The Decline of the Liberal Mind
There was a time (as hard as it may be to believe today) when liberals actually had the mental capacity to reason. During the Enlightenment, liberals (specifically, people with principles that were then described as liberal) understood the difference between facts and ideology. They understood that life is not an ideology, liberty is not an ideology, and property is not an ideology. Moreover, they understood that life, liberty, and property exist naturally, even if a nation does not exist and even if a government does not exist. And they understood that if people create a nation, a just government exercises its powers not for the purpose of pursuing an ideology, but instead, for the purpose of securing the life, liberty, and property (i.e., the unalienable rights) of each of the nation's citizens. This monumental discovery, a process of human thought stretching from (at the latest) ancient Rome all the way to 17th and 18th century England, achieved its realization in America, with the founding of a great nation. (Note to liberal readers: the great nation in question is the United States, and these fundamental truths are enshrined in the nation's founding document, the Declaration of Independence.)
Now, in contrast, a recent legal case in Europe perfectly illustrates the state of "modern" liberal thinking. A baby, Charlie, was born with a rare genetic condition that causes progressive muscle weakness and brain damage. Charlie's parents received donations (equivalent to more than a million U.S. dollars) for an experimental treatment in the United States, but the hospital treating Charlie in England wanted his life support to be turned off, and the English courts as well as the European Court of Human Rights sided with the hospital.
In short, the government of the United Kingdom along with a "human rights" court of Europe not only refused to protect the child's right to life, but also violated it by preventing the child from getting privately-funded treatment, and they not only refused to protect the child's right to liberty, but also violated it by preventing the child from leaving the hospital and traveling to the United States. And the reason for this extreme violation of a human being's most basic human rights: ideology.
The doctors at the hospital argued that the treatment would not improve Charlie's "quality of life." And in court, the lawyers for the hospital claimed that "[t]here is significant harm if what the parents want for Charlie comes into effect. The significant harm is a condition of existence which is offering the child no benefit. It is inhuman to permit that condition to continue." (Italics added.) The judges agreed, concluding that Charlie should "die with dignity."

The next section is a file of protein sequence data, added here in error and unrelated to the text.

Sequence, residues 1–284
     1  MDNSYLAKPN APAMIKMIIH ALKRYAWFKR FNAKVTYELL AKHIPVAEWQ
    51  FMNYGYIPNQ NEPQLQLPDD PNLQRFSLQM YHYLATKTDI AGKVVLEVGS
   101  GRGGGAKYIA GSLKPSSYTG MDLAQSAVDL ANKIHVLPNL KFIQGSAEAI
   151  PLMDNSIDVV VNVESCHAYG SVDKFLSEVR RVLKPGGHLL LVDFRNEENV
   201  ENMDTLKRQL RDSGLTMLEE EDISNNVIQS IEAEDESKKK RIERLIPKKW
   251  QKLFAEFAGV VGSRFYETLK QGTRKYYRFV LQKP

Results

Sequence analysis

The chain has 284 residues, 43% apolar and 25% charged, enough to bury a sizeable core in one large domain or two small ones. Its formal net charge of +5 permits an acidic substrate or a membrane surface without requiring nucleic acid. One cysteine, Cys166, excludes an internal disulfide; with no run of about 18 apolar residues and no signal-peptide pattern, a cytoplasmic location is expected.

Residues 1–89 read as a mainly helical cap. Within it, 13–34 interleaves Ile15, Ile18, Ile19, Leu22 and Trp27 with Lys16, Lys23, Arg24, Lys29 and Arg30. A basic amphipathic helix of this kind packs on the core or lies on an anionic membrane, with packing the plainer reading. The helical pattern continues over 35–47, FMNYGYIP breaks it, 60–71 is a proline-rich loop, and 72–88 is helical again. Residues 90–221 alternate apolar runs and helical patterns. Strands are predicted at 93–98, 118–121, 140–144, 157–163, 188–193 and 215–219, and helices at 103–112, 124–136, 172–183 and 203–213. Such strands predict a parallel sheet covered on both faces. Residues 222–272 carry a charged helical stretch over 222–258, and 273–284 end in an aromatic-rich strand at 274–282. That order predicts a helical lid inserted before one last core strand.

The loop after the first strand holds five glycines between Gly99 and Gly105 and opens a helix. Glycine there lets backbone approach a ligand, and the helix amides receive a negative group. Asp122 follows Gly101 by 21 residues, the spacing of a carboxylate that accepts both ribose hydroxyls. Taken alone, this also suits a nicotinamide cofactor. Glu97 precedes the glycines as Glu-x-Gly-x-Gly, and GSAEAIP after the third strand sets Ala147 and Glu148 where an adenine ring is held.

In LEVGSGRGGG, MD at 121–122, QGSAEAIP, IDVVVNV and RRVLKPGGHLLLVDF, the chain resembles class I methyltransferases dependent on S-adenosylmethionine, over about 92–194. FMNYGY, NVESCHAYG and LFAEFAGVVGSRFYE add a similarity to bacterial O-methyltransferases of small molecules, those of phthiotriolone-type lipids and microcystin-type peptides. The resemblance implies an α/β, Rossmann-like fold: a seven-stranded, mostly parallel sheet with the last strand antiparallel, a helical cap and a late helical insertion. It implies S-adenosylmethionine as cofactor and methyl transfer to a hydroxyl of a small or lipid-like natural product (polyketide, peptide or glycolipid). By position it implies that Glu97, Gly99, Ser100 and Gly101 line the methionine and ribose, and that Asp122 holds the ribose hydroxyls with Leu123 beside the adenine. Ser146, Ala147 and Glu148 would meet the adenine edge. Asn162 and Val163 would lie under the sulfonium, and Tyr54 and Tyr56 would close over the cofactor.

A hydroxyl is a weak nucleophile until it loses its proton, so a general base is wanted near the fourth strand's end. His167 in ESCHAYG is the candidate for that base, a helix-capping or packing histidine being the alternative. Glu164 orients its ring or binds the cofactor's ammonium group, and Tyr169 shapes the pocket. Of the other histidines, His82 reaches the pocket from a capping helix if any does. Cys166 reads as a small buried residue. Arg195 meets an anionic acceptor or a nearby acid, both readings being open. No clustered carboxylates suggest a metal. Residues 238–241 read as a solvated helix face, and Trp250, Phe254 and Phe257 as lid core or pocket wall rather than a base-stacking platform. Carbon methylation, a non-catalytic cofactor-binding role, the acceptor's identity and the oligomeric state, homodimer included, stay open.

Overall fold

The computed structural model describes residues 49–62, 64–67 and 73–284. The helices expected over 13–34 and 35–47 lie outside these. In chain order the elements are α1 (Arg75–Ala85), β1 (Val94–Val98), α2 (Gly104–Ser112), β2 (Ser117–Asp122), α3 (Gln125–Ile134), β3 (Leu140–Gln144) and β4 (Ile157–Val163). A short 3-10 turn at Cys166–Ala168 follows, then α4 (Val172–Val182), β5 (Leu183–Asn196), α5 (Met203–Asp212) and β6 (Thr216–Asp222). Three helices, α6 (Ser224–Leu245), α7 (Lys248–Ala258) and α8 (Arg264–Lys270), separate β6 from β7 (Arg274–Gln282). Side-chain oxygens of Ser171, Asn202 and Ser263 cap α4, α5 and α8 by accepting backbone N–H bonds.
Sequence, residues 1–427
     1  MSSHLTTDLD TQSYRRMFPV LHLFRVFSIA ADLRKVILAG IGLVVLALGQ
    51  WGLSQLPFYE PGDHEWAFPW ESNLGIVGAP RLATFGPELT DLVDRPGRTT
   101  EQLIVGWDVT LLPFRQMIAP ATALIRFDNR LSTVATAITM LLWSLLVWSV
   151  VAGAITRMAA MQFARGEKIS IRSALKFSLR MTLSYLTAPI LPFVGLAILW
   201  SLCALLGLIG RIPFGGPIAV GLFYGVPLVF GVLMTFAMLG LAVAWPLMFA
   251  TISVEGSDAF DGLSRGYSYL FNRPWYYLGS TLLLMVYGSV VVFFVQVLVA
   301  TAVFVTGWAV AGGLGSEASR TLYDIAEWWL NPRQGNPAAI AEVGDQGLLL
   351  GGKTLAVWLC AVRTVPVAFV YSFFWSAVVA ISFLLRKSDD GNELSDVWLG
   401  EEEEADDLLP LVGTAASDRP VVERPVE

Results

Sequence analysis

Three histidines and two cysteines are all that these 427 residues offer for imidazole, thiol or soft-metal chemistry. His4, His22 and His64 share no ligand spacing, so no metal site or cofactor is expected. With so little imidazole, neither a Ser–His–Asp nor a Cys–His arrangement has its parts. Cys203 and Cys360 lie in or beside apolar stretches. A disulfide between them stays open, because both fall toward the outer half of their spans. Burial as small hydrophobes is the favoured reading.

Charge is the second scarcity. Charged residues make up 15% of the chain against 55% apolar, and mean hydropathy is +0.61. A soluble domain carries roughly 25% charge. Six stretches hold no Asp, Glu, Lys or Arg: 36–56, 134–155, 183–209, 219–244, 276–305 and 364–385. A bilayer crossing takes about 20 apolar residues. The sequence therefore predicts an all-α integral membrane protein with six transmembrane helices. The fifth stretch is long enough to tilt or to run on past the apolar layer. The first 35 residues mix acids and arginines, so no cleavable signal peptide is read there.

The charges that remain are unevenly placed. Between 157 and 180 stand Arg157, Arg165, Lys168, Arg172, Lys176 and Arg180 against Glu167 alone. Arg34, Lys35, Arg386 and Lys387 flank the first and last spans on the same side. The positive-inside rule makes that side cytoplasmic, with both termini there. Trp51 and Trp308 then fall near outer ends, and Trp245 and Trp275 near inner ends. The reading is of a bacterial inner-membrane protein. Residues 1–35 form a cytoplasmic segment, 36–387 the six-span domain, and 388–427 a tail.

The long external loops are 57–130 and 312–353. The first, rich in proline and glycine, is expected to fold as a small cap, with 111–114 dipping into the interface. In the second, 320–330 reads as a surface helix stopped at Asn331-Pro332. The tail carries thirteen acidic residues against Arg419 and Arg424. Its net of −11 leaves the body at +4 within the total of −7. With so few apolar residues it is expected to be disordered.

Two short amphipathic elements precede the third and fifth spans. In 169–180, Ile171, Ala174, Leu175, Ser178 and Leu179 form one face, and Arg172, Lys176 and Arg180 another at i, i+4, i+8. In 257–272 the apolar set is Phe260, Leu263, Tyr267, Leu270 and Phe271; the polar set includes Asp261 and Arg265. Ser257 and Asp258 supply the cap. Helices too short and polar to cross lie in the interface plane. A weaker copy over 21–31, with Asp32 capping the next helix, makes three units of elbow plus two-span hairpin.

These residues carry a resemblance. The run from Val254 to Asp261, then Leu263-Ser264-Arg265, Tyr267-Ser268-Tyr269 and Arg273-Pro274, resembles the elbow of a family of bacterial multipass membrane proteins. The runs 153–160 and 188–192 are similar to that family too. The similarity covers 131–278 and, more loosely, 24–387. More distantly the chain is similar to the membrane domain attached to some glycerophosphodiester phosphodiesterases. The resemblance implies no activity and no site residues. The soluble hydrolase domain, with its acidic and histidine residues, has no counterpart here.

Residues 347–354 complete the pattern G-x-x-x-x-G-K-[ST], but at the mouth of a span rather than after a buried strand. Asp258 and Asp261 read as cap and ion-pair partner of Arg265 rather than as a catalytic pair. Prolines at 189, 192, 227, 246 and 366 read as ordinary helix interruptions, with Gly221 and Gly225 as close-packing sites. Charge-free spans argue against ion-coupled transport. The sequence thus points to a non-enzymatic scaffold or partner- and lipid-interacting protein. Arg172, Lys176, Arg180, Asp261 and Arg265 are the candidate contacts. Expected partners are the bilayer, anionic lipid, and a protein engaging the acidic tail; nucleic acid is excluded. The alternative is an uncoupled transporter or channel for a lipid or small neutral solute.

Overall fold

However, to repeat, life is a fact; what constitutes "quality of life" is an opinion. Likewise, death is a fact; what constitutes "dying with dignity" is an opinion. In such a dire situation, some parents might want their child's life support discontinued, while other parents might want their child's life support continued until every available option had been exhausted. (Just as some adults might want their own life support discontinued; others, continued.) The important point is not which opinion is considered to be the best, or which opinion is considered to be serving a child's best interests; the important point is who makes the decision. And the decision properly belongs not to a doctor, a hospital, or a government, but to a child's parents. With medical decisions, as with nonmedical decisions, a government has the legitimate power to intervene only in very limited circumstances, such as negligence or abuse by the parents. (Clearly, this does not mean that hospitals or governments have a duty to provide treatment, experimental or standard, unless already purchased or covered by applicable insurance; this simply means that hospitals and governments do not have a right or a legitimate power to prevent the parents, or adult patients, at their own expense, from taking advantage of other options.)
Along with the "quality of life" argument, the legal case relied on three key claims: That "existence" is a condition (implying a disease or disorder). That a "condition of existence" is a form of harm, unless the condition is considered by a doctor, hospital, or government to be offering a "benefit." That "permitting" such a condition to continue is "inhuman."
Permitting? Really? Permitting innocent people to continue living their lives! How generous!
Ultimately, this argument provides doctors, hospitals, and governments with the power to end a person's life, without any guilt of any crime. Well, except the most serious crime of all: not qualifying as worthy of life according to liberal ideology.
Today, the liberal mind is unsound; liberalism is a constant threat to the rights of individuals.
While this particular case happened in Europe, the arguments used in the case, and similar arguments, have support in the United States among liberals, and the political left in general, who are pushing for government control over innumerable aspects of the individual's life, not just health care.
Paul Pauker is the author of Morality and Law in America. He also runs a site dedicated to advancing the unalienable rights to life, liberty, and property.